Factor: Effort and Shape of Canoers

Canoeing speed also depends on the effort that paddlers put into canoeing and how physically in shape they are.

Paddling a canoe, especially for a long distance, like 10 miles, is exhausting. It takes a great deal of upper body strength to paddle. If a canoer is not in good shape physically, it can easily wear them out.

Think about it this way, if two people were going to run a marathon. One of them had been in other marathons and trained often, while the other didn’t try very hard and perhaps hasn’t been training their body, it’s easy to know which person will most likely succeed.

The more practiced, and in shape runner will get farther than the runner who has not trained hard. The same goes for canoeing.

If a person is wiped out from paddling for one mile compared to another who is still going strong at mile 5, it’s easy to tell which one will be faster.

The amount of effort that is put into paddling a canoe is directly tied into how fast it will go.

I remember for on one Fourth of July my grandfather asked me to canoe with him on a lake. He was a strong man and had been canoeing his whole life. When we both got out on the water and started going straight, I notice many people passing us.

I was very confused as to why my grandfather, whom I knew was strong was going to slow compared to others.

Then I watched later as my cousin went out with him. My cousin was older than me, stronger than me, and had been canoeing for many years. My grandfather and cousin went so much faster and passed people with ease.

Even when one person on the canoe is not as used to the constant motion and strength canoeing takes, the trip takes longer.

Practice may not make perfect but it does make progress.

Other Depending Factors

Factors That Effect Speed:
Skill
Weather
Effort
Water (rough or smooth)
Currents
Canoe Shape
Canoe Material
Water Height
Physical Aptitude

While factors like effort, practice, and paddling capabilities rely solely on the canoer, there are many other factors that can affect the speed of the canoe itself.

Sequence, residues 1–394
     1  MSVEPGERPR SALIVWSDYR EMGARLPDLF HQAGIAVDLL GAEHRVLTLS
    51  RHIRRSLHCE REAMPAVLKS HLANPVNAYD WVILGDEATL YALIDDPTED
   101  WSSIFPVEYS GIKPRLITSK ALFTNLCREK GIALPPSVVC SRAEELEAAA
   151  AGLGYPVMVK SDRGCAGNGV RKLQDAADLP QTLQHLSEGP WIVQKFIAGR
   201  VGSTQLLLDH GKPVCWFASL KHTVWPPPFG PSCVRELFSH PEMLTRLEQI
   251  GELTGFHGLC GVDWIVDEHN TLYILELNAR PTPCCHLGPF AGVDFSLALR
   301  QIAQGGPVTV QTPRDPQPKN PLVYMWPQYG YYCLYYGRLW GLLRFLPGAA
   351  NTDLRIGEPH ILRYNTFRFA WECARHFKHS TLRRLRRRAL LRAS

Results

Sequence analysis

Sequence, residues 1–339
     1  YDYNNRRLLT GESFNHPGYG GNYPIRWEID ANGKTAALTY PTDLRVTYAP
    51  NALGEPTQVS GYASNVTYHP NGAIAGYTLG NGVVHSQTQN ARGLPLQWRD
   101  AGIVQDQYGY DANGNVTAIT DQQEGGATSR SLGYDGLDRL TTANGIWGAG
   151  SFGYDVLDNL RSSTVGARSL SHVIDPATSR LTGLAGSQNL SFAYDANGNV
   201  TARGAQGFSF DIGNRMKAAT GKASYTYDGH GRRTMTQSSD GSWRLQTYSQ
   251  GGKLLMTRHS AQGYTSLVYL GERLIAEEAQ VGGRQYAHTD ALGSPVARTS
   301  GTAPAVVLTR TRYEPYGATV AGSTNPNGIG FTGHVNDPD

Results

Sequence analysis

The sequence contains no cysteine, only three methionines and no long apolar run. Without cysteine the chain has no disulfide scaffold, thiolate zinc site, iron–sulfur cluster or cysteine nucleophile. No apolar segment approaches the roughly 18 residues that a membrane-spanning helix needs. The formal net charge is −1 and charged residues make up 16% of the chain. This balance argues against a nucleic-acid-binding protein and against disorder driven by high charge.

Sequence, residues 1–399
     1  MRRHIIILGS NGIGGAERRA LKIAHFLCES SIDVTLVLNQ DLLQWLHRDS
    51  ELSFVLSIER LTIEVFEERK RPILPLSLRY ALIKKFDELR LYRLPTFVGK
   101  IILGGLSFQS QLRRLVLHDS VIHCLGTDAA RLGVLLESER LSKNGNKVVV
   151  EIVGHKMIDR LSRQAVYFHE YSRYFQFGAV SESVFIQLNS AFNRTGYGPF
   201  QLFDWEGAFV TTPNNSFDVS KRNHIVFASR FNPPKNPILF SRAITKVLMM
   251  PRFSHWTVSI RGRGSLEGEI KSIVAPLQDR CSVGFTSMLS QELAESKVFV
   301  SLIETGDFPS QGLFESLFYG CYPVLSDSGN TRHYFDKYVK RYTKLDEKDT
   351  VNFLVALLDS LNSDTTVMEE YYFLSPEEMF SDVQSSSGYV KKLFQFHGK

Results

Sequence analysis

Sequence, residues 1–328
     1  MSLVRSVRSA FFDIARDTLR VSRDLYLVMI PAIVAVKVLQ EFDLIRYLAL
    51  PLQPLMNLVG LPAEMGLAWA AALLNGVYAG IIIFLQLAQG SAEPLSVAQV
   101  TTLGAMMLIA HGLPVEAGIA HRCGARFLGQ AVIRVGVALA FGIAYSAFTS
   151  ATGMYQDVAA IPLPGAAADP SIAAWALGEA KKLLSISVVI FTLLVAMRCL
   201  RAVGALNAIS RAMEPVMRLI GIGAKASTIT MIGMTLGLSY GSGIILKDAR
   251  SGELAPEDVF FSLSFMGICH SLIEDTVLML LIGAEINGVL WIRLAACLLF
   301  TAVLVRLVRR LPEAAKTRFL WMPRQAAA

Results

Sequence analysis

We talked briefly about the weather and how canoers can plan accordingly around the weather they desire. However, it’s important to remember that weather effects more than just the canoer.

A windy day will have a great effect on the water, and thus affect the currents in the water.

If a canoer is paddling with the current, they will tend to go faster than they would in still water. But, if a canoer is going against the current they can go much slower.

The weight of the canoe also has a big effect on speed. Most canoes can hold a lot of weight from things like equipment, people, gear, food, and so on. If the canoe is loaded with a lot of weight, it will be harder to paddle which will make things go slower.

If a canoer packs light, they are able to really propel the canoe forward because it takes less of an effort to paddle and creates a greater speed.

The material and shape of a canoe also affect the speed. Usually, canoes with a square stern and canoes that form a v in the bottom go faster than others. The v shape at the bottom cuts through the water easier.

The square stern allows you to mount a trolling motor on the canoe which will greatly affect the speed.

Materials like wood, aluminum, and plastic make slower canoes because they have a greater weight and they have higher durability. Materials like fiberglass composites and Kevlar composites are much faster because they weigh less.

So, before saying yes to a race on a big lake, make sure that all these factors are taken into account. Practice a lot, just like you would do for a marathon or any other competition.

If you feel confident, make a little bet with your buddy and tell them you could definitely go 10 miles in less than 3 and a half hours!

Geoff Southworth

I am a California native and I enjoy all the outdoors has to offer. My latest adventures have been taking the family camping, hiking and surfing.